Thank you Mr. Cross, a ResponseI was going to respond to Dave's post in comments, but my response is long enough that I think it deserves a post of its own. So here we go. Before I start, though, if you haven't read his post, it's here.
With all due respect, I think that the argument of being against judicial activism only goes so far. At some point, it's not a valid argument. Yes, judges have gone too far this time. However, that doesn't justify screwing over a whole subset of the population.
When you get right down to it, this is, in fact, a civil rights issue as well as a judicial activism issue. People are trying to justify denying a right1/privilege/whatever to a group of people because of what essentially comes down to an arbitrary decision -- homosexuality is bad, therefore gay marriage is bad as well. There are two ways to see this: either it's a civil rights issue, or it's a religious issue.
Neither is acceptable.
Let's take it one piece at a time. First of all, is marriage a right? I answer twice: 1.) No, marriage is not a right, 2.) This question is irrelevant. What do I mean? First of all, marriage is not a right. It's a privilege, the same as driving. There is no inalienable right to marriage any more than there is an inalienable right to cheese, flowers, a 12-bedroom house, or anything else that is not strictly necessary to live. But this doesn't matter. Let me ask you this: is it ok to deny someone a driver's license because they're gay? I'll bet the response I get would be overwhelmingly "no, it's not". The same thing applies here -- if you are going to deny someone a privilege, you have to have a damned good reason. "We've done it this way for generations", quite frankly, isn't one. Let's face it, 50 million Elvis fans can be wrong.
So if we stipulate that marriage is a privilege, and that whether it's a privilege or a right is a totally worthless question, where does that leave us? It leaves us in the position of having to justify why we're denying marriage to a group of people. And that, almost by definition, is a civil rights issue.
The next piece is religion. If I hear "this isn't about religion; it's about the sanctity of marriage" one more time, I'll scream. Out of curiosity, I looked up "sanctity" on Dictionary.com and got this:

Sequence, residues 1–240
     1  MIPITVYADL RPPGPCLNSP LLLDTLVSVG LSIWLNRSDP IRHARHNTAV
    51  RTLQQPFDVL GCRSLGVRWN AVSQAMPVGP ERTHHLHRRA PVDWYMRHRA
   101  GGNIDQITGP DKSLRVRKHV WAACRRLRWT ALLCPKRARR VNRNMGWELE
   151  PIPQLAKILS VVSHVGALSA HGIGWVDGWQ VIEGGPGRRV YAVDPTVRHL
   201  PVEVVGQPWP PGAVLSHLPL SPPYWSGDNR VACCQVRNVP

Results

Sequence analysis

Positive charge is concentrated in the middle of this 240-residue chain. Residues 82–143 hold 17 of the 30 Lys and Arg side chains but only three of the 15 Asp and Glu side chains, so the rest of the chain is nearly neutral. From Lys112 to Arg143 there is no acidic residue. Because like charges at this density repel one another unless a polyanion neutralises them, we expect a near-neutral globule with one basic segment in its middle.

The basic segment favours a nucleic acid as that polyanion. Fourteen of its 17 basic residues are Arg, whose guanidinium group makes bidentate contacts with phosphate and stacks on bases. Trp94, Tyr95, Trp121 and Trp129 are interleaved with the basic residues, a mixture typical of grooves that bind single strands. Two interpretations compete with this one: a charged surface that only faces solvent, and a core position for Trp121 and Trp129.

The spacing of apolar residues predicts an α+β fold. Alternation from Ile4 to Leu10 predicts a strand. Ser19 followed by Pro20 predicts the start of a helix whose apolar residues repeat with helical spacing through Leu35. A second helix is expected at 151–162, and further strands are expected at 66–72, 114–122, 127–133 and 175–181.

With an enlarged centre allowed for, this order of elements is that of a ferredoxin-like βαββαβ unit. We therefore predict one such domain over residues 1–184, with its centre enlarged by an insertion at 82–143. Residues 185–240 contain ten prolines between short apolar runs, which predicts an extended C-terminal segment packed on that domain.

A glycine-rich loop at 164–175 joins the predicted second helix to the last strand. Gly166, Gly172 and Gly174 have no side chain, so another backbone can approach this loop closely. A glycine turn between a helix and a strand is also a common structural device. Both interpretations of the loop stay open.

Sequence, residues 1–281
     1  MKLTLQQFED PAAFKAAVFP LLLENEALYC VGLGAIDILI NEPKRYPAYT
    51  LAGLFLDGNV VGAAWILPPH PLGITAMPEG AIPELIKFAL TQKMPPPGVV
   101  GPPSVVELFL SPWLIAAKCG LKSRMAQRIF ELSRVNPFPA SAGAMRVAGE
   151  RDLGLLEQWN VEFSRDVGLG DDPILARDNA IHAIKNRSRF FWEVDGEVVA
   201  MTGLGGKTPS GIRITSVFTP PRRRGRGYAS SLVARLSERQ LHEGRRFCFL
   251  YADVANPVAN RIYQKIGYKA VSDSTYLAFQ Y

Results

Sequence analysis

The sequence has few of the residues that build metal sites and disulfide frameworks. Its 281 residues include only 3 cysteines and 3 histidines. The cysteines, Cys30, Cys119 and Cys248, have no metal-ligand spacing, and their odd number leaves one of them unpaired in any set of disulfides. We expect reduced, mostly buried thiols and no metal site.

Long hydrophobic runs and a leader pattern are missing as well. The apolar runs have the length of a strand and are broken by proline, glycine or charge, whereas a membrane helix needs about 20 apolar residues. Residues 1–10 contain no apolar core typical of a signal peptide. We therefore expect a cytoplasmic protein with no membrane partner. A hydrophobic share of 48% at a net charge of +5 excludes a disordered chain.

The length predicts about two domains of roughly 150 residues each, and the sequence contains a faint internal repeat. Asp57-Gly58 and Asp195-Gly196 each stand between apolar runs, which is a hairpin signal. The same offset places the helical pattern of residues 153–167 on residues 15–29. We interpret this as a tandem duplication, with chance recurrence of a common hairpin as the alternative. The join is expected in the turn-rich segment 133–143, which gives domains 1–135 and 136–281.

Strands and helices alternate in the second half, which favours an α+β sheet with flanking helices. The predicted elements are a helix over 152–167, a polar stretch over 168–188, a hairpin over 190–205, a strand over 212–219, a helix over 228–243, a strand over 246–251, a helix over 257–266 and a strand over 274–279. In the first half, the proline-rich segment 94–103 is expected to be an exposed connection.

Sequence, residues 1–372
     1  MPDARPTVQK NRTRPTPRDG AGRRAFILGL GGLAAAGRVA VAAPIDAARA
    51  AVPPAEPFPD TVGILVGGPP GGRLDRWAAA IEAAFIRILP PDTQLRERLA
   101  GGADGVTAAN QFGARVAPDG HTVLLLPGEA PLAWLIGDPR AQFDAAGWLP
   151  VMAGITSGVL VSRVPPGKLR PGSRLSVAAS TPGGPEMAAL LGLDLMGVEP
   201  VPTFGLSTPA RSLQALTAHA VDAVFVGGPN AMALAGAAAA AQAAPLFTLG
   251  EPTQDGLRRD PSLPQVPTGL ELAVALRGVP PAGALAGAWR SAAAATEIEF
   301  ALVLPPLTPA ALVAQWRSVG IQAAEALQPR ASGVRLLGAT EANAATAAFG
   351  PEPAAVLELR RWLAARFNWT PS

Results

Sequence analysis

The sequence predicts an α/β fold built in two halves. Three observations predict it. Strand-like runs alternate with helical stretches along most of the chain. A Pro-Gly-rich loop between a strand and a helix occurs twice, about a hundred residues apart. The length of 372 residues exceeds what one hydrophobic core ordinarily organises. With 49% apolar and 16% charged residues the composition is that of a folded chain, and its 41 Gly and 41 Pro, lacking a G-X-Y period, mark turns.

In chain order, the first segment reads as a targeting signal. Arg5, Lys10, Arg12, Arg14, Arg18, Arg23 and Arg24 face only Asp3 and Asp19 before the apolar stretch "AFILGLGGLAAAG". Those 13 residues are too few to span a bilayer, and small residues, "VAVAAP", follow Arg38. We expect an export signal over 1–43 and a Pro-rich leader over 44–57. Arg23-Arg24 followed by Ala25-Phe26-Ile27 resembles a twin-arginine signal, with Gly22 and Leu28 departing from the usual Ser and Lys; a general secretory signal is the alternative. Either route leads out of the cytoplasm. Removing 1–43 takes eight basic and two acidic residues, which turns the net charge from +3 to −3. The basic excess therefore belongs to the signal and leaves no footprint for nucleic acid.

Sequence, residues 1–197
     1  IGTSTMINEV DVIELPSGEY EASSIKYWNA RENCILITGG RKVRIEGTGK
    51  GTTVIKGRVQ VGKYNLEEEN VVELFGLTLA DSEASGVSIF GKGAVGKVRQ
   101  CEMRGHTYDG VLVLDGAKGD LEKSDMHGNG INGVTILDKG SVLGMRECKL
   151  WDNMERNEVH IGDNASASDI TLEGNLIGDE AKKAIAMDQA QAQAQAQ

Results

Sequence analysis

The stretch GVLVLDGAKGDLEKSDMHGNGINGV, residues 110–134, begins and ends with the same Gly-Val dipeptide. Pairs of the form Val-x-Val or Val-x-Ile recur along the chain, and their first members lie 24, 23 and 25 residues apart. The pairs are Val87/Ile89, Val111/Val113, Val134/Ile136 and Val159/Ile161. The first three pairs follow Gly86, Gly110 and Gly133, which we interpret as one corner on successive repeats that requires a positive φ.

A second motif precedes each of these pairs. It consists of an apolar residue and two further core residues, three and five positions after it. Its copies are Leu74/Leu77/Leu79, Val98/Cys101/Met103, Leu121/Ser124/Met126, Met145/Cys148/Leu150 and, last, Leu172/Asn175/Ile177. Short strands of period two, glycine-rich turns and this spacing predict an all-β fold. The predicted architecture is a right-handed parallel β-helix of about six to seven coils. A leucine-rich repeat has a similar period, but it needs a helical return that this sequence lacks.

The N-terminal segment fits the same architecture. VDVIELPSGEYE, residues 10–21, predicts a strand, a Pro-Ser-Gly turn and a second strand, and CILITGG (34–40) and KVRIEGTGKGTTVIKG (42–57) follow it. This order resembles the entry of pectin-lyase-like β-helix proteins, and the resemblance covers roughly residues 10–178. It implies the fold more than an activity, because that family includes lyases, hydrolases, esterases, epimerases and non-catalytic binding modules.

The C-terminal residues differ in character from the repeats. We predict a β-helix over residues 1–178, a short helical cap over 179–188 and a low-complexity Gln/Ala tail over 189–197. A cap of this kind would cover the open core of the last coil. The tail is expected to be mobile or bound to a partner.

1. Holiness of life or disposition; saintliness.
2. The quality or condition of being considered sacred; inviolability.
3. Something considered sacred.
If you can explain how that doesn't tie into religion, you win the prize.
We are constitutionally promised freedom of religion. I agree that this doesn't mean freedom from religion, but this also means that we can't enshrine a particular set of religions beliefs into our laws. We are free to believe what we want, and we are free to celebrate our religion as we see fit... in the privacy of our own homes and/or communities. This doesn't give us the right to justify any large-scale2 laws on Judeo-Christian grounds any more than it gives us the right to justify the same laws on Islamic, Hindu, or Buddhist grounds. In other words, what we believe is supposed to be personal, and the Constitution allows us to have our personal beliefs without imposing them on other people. This means that unless you can explain how gay marriage hurts you personally, you have no right imposing a ban on it to someone else. Laws should be fundamentally negative -- you are assumed to be able to do X unless the law says that you specifically cannot do that -- and therefore the burden of proof lies on the person who is claiming the hurt or damage.
Finally, we get to judicial activism. The major problem I see with this argument is the fact that what's done is done. The can of worms has been opened, and to close it is to cause more problems than it's worth. The way to combat judicial activism isn't to undo what has been done; the way to combat judicial activism is to ensure that it doesn't happen again. Judicial activism is a good thing to fight against, but it does not justify the rest of it on this issue.
1 I'm getting there; hang on.
2 For the purposes of argument, let's define large-scale as state level or higher.